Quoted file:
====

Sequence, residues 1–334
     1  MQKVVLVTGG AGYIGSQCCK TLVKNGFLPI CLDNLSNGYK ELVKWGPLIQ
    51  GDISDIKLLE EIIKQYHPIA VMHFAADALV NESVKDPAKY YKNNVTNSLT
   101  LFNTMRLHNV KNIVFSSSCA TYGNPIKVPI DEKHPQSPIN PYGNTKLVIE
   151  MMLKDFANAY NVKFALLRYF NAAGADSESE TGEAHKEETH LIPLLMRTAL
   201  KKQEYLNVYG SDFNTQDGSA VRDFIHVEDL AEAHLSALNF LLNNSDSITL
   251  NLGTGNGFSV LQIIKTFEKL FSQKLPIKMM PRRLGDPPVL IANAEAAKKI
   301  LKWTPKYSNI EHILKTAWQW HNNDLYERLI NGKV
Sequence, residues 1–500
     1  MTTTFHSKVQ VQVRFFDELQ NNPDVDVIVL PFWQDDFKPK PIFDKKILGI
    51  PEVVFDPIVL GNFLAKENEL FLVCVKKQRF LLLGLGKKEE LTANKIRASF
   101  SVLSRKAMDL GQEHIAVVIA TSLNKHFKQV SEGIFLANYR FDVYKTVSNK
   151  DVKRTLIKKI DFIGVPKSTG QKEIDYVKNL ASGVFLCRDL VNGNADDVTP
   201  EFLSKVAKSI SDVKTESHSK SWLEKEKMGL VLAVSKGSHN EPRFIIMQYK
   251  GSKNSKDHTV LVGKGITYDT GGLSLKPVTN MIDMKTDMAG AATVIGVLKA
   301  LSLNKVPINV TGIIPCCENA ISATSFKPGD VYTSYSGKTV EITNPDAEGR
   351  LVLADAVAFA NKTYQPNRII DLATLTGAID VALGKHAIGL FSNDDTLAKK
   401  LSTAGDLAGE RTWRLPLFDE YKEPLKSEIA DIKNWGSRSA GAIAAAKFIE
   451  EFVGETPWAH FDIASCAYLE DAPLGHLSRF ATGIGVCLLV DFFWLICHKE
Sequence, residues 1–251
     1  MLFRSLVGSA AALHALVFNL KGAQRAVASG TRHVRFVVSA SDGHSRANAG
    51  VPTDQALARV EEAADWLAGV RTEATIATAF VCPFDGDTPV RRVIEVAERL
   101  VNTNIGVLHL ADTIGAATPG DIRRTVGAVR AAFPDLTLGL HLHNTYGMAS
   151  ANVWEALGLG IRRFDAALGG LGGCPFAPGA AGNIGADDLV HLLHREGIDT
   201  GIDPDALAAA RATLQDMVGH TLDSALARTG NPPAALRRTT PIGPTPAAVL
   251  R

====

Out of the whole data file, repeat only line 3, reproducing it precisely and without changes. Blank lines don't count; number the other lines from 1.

    51  GDISDIKLLE EIIKQYHPIA VMHFAADALV NESVKDPAKY YKNNVTNSLT